Happy birthday to one of the best players to ever suit up in the NHL.
It’s incredible to think No. 4, Bobby Orr, turns 70 on Tuesday.
From the late-1960s to the mid-1970s, Orr redefined the defence position in the NHL, being far more of a freelancing player than anyone before him at the position. But at the same time, Orr was far from a liability in his own end and was often used on the penalty kill. He was a fabulous skater and offensive generator, but Orr was strong on the defensive side, too.
And even though when you look through his numbers and accomplishments he seems to have come from another world, Orr was still human and had his moments. Take, for instance, this story re-told by Don Cherry about the time Orr shot the puck into his own net.
“Boston Garden … No. 4, Bobby Orr, the greatest hockey player who ever lived, he went to shoot the puck in the corner just like [Kris Russell earlier this season], and picked the corner,” Cherry said. “There was deathly silence in the Boston Garden. Deathly. And nobody knew what to do, I didn’t know what to do. And he stood there, and somebody from the gallery goes, ‘Ah, don’t worry, Bobby! Cheevers should’ve had it!’ and everybody laughed.
“So don’t worry,” Cherry said. “If Bobby Orr can do it, you can do it.”
But there were a lot of things Orr did that no one can do, and few, if any, NHLers have approached since. As we celebrate Orr’s 70th birthday, here are some amazing stats from his career.
+124: OK, so not everyone values the plus-minus stat the same way, and many would do away with it altogether as a tool to measure a player’s ability or impact. That’s fine. But even still, when you stack up Orr’s number in 1970-71 to almost anyone else’s (including even his own in any other year of his career) in recorded history, his performance that season shines among the all-time best.
Orr posted the insanely high mark in 1970-71, the year he won his second Hart Trophy. Six years later, Larry Robinson became the only player to ever challenge the mark when he finished with a plus-120 rating on an all-time best Canadiens team that finished with a 60–8–12 record.
To give you an idea of how unattainable that mark is in today’s NHL, the best plus-minus posted by any player in the salary cap era is plus-50 by Jeff Schultz on the high-scoring 2009-10 Washington Capitals. Plus-40 has only been reached seven other times in the past 13 years.
120 and 139: In the season before Orr posted his plus-124 rating, he also became the first (and still the only) defenceman to win the Art Ross Trophy. And it wasn’t even close.
Orr had posted 41, 31 and 64 points in his first three NHL seasons and hadn’t finished as a point-per-game player yet. Still, those 64 points he put up in his 20-year-old season set a new NHL record for offensive production from the defence position.
He started his fourth season (1969-70) as a 21-year-old and finished it as an all-time NHL record holder on a whole different level. Orr posted an incredible 120 points in 76 games to destroy all competition in the Art Ross Trophy race, finishing 21 points ahead of second-place Phil Esposito.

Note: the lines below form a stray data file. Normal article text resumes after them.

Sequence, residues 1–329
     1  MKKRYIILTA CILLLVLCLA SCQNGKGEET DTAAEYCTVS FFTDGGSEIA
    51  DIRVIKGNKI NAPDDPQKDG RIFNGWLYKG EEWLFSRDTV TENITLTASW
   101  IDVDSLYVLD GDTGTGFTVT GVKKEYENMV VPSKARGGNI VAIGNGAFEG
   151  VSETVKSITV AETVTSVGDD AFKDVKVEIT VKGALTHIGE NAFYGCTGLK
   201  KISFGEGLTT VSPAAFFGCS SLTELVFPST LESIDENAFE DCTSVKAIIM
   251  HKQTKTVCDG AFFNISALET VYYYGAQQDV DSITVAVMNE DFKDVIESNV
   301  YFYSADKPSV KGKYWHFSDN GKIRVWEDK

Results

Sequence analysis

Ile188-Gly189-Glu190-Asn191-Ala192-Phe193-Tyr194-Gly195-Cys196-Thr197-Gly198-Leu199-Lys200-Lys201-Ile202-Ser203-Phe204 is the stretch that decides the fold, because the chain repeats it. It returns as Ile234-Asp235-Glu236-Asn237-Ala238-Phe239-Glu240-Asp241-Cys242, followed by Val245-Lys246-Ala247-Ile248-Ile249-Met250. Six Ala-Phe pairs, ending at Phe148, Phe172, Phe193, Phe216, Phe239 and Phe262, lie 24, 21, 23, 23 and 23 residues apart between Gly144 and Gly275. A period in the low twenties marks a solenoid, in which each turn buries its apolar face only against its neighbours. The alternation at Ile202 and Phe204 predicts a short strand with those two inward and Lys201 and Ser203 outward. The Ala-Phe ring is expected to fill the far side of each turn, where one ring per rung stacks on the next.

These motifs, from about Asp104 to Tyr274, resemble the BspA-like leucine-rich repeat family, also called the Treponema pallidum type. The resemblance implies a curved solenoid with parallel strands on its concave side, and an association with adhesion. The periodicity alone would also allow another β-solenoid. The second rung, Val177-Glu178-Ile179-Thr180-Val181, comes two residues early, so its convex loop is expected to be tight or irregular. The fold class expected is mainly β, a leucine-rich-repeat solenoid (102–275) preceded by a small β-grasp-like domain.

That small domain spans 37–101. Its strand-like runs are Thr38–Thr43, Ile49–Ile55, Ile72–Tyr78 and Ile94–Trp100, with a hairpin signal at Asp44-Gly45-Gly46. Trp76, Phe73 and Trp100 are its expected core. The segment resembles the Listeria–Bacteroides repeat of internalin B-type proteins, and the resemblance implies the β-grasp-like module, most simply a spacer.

At the time, Orr’s 120 points were more than double the amount any other defenceman had posted in the league’s history. Pierre Pilote’s 59 points in pre-expansion 1964-65 were the most by a blue-liner before Orr came along. Orr was generating so much offence he blew past the defence scoring record he set a season earlier by the all-star game.
One season after posting 120 points, Orr went past even that mark.
In 1970-71, when Orr was setting the unbreakable plus-minus record, he was able to get there partly because he scored 139 points. That is a record to this day and was seriously challenged just once by Paul Coffey in 1985-86, but the Oilers defenceman fell just one short.
8: Despite being ranked among the best players to ever play in the NHL, right up there with Wayne Gretzky, Mario Lemieux, Gordie Howe or whoever you have at the top of your list, Orr was at the top of his game for only eight seasons.
After winning the Calder Trophy at 18, Orr dominated the NHL for the next eight years and redefined what a defenceman could do. From 1968 to 1975, Orr won all eight Norris Trophies, two Conn Smythes, two Harts and two Art Ross Trophies. But knee injuries started to take their toll and Orr was limited to just 10 games in 1975-76.
After winning his eighth Norris Trophy at just 27 years of age, Orr played just 36 more games in the NHL before retiring at 31.
1.24: Orr won two Cups and Conn Smythes with Boston in ’70 and ’72 and played in a total of 74 Stanley Cup Playoff games in his career. Given he played in an era with fewer teams and post-season rounds, Orr isn’t close to the all-time record in post-season production, but when you look at his per-game average, Orr again has no peer.
Three defencemen in league history have averaged more than one point per playoff game with at least 12 played in their career: Orr, Brian Leetch and Paul Coffey. While Hall of Famers Leetch and Coffey finished with post-season point-per-game averages of 1.02 and 1.01 respectively, Orr is in a class of his own at 1.24: 92 points in 74 games.